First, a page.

You might think that all metalwoods are designed to do the same thing: launch it high with low spin. In a way they are, but they go about it in different ways.
The newest metalwoods target certain types of swings:
(1) big hitters who need shots to launch with less spin;
(2) slower swingers who need more clubhead speed; and
(3) hitters who need a straighter ball flight.
Whether it’s less weight or redistributed internal mass, most new metalwoods are player-specific. So start your search knowing your weaknesses, and make a purchase based on how a new club can correct what’s wrong.
Here are five fixes worth considering.
Better players looking for a low-spin fairway wood might benefit from this construction. It includes a titanium face fused to a high-strength steel body. A lightweight carbon-composite piece in the rear of the sole allows more weight to be placed forward.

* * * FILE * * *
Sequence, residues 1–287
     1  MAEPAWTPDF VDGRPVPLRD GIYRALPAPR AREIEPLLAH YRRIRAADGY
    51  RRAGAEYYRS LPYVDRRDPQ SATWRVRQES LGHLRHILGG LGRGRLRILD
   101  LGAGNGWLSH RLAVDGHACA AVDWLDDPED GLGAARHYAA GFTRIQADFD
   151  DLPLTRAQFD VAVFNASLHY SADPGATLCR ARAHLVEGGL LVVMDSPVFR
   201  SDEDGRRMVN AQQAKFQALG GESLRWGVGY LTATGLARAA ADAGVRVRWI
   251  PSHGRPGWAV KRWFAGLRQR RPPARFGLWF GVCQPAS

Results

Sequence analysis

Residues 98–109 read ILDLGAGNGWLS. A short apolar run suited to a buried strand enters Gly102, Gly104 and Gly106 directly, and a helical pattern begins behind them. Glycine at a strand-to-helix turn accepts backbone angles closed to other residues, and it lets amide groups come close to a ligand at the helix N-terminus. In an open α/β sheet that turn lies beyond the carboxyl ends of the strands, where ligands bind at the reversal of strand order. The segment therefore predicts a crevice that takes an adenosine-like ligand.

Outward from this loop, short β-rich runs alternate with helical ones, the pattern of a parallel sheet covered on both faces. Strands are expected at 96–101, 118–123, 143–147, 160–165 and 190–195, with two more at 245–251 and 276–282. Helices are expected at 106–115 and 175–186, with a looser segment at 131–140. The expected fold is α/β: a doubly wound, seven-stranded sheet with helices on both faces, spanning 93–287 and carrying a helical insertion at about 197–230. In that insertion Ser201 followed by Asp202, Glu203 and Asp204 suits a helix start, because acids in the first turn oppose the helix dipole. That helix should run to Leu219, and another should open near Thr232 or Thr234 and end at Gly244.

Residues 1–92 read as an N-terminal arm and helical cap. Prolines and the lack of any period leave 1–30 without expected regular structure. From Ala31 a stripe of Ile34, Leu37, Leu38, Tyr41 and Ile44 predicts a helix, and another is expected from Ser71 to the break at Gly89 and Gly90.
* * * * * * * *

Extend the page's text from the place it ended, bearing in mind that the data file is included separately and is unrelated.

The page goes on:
GBB Epic Star
This ultralight driver is designed for golfers with slower swing speeds and features the same distance technology found in the standard Epic – including two rods that join the crown and sole to help the face flex across a larger area.
G400 SF Tec
We don’t hit slices just with our drivers, so the G400 line has a heel-weighted fairway-wood option. A high-strength steel face provides extra flexing for more distance, and the slightly larger head size offers forgiveness on mis-hits.
This fairway wood provides full service for the flaws of average golfers. Helpful features include a lighter swingweight, anti-slice bias, higher lofts and larger, more comfortable grips. A thin, high-strength steel face insert gives distance a boost.
The H2 is preferred by tour players, but the H1 here offers something for the rest of us. The latest version is more stable on off-centre hits and is designed for golfers who hit their hybrids with more of a sweeping motion than a downward strike.